Zero Trust: Go ahead and open apps on the internet

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This article is part of a series that explores zero trust, cyber resilience, and similar topics.

The Federal Zero Trust Strategy recently released by the Office and Management and Budget (OMB) and the Department of Homeland Security’s Cybersecurity and Infrastructure Security Agency (CISA) has one area of ​​action that has raised some eyebrows within the zero trust community: go ahead and open your apps on the internet. Wait what?

Described in Applications: Action 4, OMB states that “Agencies must select at least one FISMA [Federal Information Security Management Act] Moderate system that requires authentication and is currently not accessible over the Internet, and allows access over the Internet. This very direct mandate may, frankly, seem absurd and counter-intuitive. However, with a little more context, it makes sense in the context of a zero-trust architecture.

There are several reasons why OMB mandates this particular action. This is primarily about taking advantage of modern cloud protection services and reducing reliance on self-managed firewalls, which are always moments from misconfiguration. This forces segregation of traffic, especially in the modern cloud era where it’s easier than ever for any administrator, with the proper permissions, to open an organization’s cloud application to the world. But while a zero-trust architecture can change the concept of defense-in-depth, protecting resources at the edge is still very important. After all, just because an agency takes an application to zero trust doesn’t mean the adversary will stop throwing malicious payloads at it.

What changes with zero-trust defense-in-depth is how an authorized user traverses those defensive measures with risk management, or more specifically how that risk is now shared. With the Zero-Trust Network Access (ZTNA) and Secure Access Service Edge (SASE) architectures, we no longer directly connect to an internal application or its security device in front of it. Instead, we negotiate through a second party, such as an internal component or IT division, or third-party system to enforce the ZTNA Principles. So, in most cases, we transfer some risk to a vendor or internal component, such as a software-as-a-service based web application protection platform.

If we were to take OMB’s mandate at face value and simply open any internal application we have at hand that meets the definition of “requires authentication”, the results could be disastrous.

Take, for example, the on-premises Microsoft Exchange hack of 2020, which affected any Microsoft Exchange mail server running Outlook Web Access. This is a system that requires authentication; however, the hack bypassed its login screen authentication requirements by exploiting a previously unknown vulnerability. So what requirement should we add? The answer is to validate their identity and access before their computer can communicate with the application.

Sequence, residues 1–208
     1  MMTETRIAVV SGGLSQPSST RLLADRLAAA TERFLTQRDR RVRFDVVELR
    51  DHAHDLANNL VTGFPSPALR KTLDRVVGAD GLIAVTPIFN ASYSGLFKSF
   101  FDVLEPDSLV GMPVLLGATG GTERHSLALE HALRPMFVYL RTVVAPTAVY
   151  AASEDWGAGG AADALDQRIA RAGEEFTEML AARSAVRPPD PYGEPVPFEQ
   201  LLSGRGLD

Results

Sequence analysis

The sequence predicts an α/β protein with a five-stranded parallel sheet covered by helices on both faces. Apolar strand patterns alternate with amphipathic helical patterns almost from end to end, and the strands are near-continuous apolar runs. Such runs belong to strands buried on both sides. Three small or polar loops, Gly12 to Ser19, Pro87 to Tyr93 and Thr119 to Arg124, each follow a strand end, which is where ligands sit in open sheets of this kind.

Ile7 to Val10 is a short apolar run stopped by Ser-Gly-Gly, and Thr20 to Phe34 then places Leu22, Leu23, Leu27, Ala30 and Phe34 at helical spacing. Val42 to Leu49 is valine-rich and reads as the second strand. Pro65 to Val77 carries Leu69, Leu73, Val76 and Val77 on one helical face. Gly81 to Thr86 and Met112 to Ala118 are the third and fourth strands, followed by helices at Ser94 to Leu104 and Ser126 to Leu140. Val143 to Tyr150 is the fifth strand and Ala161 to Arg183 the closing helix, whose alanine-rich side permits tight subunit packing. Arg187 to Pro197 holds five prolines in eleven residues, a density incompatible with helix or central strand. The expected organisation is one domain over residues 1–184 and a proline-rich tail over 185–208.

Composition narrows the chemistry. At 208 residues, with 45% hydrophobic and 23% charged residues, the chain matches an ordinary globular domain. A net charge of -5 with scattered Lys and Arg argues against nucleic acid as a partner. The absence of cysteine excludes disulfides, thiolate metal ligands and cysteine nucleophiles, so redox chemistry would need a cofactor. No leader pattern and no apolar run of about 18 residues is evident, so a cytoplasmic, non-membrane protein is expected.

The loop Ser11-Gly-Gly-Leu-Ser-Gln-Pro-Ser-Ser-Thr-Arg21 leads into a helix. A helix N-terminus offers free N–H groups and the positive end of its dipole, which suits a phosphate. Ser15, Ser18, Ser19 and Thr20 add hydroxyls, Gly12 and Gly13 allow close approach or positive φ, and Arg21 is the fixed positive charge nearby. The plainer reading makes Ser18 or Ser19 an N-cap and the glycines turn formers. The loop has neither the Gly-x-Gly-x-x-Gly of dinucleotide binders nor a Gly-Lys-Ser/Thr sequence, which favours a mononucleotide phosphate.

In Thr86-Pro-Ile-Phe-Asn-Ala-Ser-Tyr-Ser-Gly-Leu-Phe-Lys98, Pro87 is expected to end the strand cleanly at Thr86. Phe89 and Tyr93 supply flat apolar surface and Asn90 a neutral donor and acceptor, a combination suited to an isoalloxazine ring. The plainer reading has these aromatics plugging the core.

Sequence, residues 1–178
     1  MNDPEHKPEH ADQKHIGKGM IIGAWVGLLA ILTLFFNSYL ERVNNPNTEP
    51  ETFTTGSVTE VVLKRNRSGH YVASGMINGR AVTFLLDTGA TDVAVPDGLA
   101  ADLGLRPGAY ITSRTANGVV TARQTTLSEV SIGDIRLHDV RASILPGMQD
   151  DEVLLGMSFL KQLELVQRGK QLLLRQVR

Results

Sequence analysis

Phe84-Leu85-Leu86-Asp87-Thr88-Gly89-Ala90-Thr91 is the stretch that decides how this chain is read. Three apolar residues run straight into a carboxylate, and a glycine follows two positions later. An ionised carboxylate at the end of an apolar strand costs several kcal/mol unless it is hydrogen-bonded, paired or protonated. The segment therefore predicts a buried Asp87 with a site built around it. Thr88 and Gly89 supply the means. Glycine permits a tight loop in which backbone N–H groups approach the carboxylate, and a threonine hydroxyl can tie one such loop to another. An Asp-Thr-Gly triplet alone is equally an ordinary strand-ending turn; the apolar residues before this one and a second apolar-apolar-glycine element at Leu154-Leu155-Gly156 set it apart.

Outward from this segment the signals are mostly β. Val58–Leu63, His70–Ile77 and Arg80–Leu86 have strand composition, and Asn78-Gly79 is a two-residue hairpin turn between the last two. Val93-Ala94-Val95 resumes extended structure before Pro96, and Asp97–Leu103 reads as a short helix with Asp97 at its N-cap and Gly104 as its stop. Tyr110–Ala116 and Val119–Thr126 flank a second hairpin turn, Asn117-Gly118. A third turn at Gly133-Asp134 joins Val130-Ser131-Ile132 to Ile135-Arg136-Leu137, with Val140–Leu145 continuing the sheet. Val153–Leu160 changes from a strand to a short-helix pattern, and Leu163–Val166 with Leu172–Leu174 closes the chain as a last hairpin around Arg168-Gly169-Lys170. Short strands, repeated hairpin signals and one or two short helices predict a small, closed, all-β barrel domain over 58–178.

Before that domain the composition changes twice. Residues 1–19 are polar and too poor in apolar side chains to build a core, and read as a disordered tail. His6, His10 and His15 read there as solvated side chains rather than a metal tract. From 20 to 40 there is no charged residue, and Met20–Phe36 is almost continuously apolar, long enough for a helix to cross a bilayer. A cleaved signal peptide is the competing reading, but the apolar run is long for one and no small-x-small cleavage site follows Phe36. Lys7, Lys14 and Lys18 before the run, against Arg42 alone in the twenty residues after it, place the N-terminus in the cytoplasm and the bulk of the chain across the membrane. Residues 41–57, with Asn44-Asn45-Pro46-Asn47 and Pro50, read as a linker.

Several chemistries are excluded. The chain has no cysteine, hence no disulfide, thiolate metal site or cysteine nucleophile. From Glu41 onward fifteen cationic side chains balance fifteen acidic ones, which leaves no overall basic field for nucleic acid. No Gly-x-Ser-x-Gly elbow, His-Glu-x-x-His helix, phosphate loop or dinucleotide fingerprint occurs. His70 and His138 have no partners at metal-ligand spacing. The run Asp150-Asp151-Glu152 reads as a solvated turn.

To illustrate, let’s take the example of the classic train ticket. A train conductor will often check your ticket once you are already on the train and comfortably seated in your seat. If your ticket is not in order in any way, or if you don’t have one at all, the conductor will expel you.

The problem is that you have already taken the train! You have traveled at least a station or two before the end of your trip. However, if there is a subway-style door to check your ticket before you reach the platform, you never even make it to the train. Your ticket was pre-validated and only then were you allowed to approach the train.

So how do we pre-validate and open our apps securely on the internet? The answer is relatively simple in concept, if not in application: pre-authentication. Whether self-managing or using a cloud service approved for the Federal Risk and Authorization Management Program, pre-authentication plays a major role in zero trust.

Pre-authentication, or pre-authorization for short, is nothing new. The concept and supporting technologies have been around for decades. It’s exactly what it sounds like – a way to pre-authenticate something, most often users, before they hit the intended target. One of the most basic examples of pre-authentication would be familiar to anyone who has ever used Windows Remote Desktop to connect to another computer.

In the Windows XP era, the normal mode of operation was to directly access a computer remotely, get a prompt on a desktop, and then enter your password with the session already established. For example, you would enter your password at a prompt on the Windows login screen. A channel had already been established, which meant that if that computer was vulnerable due to missing patches, exploits could be leveraged against that computer with relative ease.